Guru Nanak in East India
The Guru travelled many miles in the wilderness of Assam . His minstrel Mardana was very hungry and tired, so they sat under a tree. After sometimes Mardana went to get something to eat. On his way he met Kauda, the cannibal. Kauda took Mardana by surprise and bound him hand and foot by a rope and then carried him to the spot where he had kept a big pan full of oil for frying the flesh of his victims. Kauda started to lighten fire under the pan. When Mardana saw that, he was very frightened and prayed to the Guru to come to his rescue. The Guru already knew and was on his way to get him released. Kauda was trying to light the fire when the Guru appeared. This bewildered Kauda completely. The Guru looked at him compassionately and graciously and said,"Kauda! See-est thou not what thou dost, wilt thou cast thyself in the burning fire of hell?" The very gracious and holy sight of the Divine Master made such people realize their guilt and they fell on his feet and begged for mercy. Kauda whose conscience was dead with heinous crimes, suddenly came to realization and was overwhelmed with repentance. He fell on the feet of the Master and prayed for mercy. The gracious Master blessed him with the Name. Kauda was completely a changed man and thereafter lived as a devout disciple of the Guru.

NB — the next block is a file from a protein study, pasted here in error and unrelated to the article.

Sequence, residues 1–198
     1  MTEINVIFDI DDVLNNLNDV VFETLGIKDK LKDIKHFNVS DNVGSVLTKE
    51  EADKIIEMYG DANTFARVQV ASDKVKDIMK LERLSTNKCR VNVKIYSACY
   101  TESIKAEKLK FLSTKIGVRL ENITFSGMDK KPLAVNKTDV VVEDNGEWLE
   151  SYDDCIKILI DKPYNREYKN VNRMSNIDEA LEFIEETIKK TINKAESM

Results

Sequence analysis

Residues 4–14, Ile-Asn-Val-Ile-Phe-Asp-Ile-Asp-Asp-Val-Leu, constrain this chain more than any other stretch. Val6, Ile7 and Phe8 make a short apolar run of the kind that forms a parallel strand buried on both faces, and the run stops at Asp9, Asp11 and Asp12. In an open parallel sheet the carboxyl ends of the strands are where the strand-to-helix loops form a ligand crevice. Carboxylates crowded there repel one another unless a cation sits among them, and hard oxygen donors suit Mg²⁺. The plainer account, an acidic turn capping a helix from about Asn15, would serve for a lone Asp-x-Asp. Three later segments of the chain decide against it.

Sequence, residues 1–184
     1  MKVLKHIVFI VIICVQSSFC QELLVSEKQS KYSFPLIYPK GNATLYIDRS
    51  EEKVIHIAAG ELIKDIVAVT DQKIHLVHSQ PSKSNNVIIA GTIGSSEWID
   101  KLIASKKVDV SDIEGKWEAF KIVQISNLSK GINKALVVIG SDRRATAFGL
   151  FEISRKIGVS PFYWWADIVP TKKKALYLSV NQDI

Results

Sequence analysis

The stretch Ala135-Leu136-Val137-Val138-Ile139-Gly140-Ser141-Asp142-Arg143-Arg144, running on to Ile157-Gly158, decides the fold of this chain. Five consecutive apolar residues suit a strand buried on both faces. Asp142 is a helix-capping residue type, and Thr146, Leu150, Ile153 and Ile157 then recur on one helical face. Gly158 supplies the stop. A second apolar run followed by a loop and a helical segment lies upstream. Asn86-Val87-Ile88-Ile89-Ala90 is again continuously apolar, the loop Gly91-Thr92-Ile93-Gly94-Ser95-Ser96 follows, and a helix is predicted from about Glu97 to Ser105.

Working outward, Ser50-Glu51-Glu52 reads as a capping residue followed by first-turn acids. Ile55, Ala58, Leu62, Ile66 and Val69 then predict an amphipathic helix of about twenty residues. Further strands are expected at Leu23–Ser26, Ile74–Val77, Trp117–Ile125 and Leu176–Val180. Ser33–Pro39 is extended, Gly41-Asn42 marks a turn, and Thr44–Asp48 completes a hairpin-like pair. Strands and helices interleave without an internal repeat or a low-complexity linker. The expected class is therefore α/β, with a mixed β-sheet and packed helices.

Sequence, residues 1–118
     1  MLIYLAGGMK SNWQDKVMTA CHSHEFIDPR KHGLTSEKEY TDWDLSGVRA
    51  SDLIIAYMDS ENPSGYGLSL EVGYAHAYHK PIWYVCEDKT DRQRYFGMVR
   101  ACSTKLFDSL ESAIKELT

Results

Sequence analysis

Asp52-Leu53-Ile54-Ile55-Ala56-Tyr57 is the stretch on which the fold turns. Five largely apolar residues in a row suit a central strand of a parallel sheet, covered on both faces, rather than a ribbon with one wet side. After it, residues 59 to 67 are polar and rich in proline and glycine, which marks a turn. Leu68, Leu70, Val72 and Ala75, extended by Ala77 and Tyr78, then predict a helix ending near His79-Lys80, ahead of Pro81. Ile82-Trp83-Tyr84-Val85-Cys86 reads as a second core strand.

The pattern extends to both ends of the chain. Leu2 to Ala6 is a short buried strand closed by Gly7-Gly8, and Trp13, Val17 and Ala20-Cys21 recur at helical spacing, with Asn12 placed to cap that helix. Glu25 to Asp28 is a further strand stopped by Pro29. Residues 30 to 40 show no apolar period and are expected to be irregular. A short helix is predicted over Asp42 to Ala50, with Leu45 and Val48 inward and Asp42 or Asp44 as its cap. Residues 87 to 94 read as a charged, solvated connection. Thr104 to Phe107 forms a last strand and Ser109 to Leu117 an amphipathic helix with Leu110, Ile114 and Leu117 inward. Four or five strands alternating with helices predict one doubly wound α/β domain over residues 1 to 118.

After Golaghat Nagar and Dhanasri valley where cannibals inhabited in large numbers, the Guru went back to Gauhati. From there he proceeded to Shillong and to Silhet where an old Gurdwara stands in his memory.
Dr. McLeod’s omissions and Commission
- In the Puratan Janamsalht Sakhi No. 42, there is a mention of Dhanasri des. There is also a specific mention of a river and cannibal tribes. Dr. McLeod describes “Dhanasri” as an “unidentifiable and evidently non-existent place” (page 70 of his book). But had he taken more pains, he would have definitely identified this palace as Dhanasri Valley in Assam surrounded by Cannibal Naga gives the following descriptions of Dhanasri Valley:
- “Upper portion of Dhanasri Valley is a plain of considerable width shut between Nagas and Mukir Hills, covered with dense tree forests except in neighbourhood of Golaghat.
- Again on page 80 he mentions “non-existent land of Asa:. Without carefully going through contents of the Saskhi, Mr. McLeod arrives at a conclusion that land of Asa” is non-existent. But in the Sakhi there is specific mention of Raja Samunder whom Mr. McLeod has read as Sham Sunder (see page 42). According to Encyclopaedia of Religion Ethics (New York 1958, Vol..I page 135) Samunder was a Raja of Assam. It has been stated there:
- “In still earlier times when Ahoms entered the Brahmputra Valley; there were twelve subordinate rulers or chiefs who were known as Bara Bhuiya and these claimed to be the descendants of Samundra.” Hence the “land of Asa” is Assam. It may be pointed out that during the 16th century when Guru Nanak visited Assam. There existed two kingdoms. One was in Kamrup and other was in Assam. East of Assam was the Dhanasri Valley – all three have been distinctly mentioned by Puratan Janamsakhi.
Hieun-Tsang, however, has described the whole of Modern Assam Region as Damrup. Ain-i-Akbar mentions Kamrup and Assam as two separate entities as there existed two independent kingdoms.